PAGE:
Small-scale group occupies Santa Ana

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NEWS ANALYSIS.

Working with the same template as Occupy Wall Street, hundreds in Santa Ana began their protest in late October in front of the Ronald Reagan Federal Building where stringent ordinances prohibit camping.

“Every day at around 5 p.m. the cops come and round up the homeless people and give them citations,” protester Timothy Craven said.

There are over 6,000 homeless living on the streets of Orange County with a majority in Santa Ana.

Since many of the protesters are homeless, a major concern for Occupy Santa Ana is finding a solution for so many displaced individuals.

A group of about 20 gathered Nov. 7 in front of the Federal Building in Civic Center to show their support for the movement.

Protesters held signs, and more were propped next to the building.

The small but enthusiastic group chanted, ”We are the 99 percent!”

Protester Jack Marko, who was strumming a paint-stained guitar, says he attends Occupy Santa Ana but has not been camping.

Marko observed that while the area is “public property, they are not legally able to sleep here.” He believes a visual presence 24-7 makes an important statement for the movement.

One message among many is about the epidemic of home foreclosures in California. “I’ve been a protester all my life. Get the people to keep their houses, to stay in their houses. The main thing is to negotiate,” said protester Alex Vega.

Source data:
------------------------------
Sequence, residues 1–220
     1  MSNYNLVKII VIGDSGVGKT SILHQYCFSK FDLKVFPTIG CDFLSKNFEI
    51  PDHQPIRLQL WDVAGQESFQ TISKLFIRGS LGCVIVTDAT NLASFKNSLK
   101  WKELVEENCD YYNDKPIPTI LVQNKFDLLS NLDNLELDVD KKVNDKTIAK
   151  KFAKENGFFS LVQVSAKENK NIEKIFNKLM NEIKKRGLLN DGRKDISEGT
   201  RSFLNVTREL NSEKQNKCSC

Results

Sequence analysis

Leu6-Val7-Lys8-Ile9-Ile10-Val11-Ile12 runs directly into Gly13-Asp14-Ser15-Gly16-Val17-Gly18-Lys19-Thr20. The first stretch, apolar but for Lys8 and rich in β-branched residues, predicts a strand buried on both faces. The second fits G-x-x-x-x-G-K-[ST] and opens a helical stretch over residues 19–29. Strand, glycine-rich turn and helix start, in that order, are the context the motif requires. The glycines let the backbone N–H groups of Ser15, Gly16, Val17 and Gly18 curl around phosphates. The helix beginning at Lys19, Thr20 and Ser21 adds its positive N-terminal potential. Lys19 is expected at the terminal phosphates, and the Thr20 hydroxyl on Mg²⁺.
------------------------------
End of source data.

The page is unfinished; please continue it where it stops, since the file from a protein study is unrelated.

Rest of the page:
Cal. State Fullerton student Sam Aresheh also supports the movement. “Many decisions are being made for our country through wealthy corporations. We’re advocating to get the money out of politics,” he said.

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He was present at the city council meeting Nov. 7 when the council decided that camping would not be allowed.

Arasheh thinks without this permission, protesters would be “unable to sustain that long term peace protest in a safe manner, unless these ordinances are lifted.”

The city’s Nov. 7 denial of lifting camping ordinances sparked public speakers to remind the council that they voted for them but, as one speaker said, “won’t be making that mistake again.”


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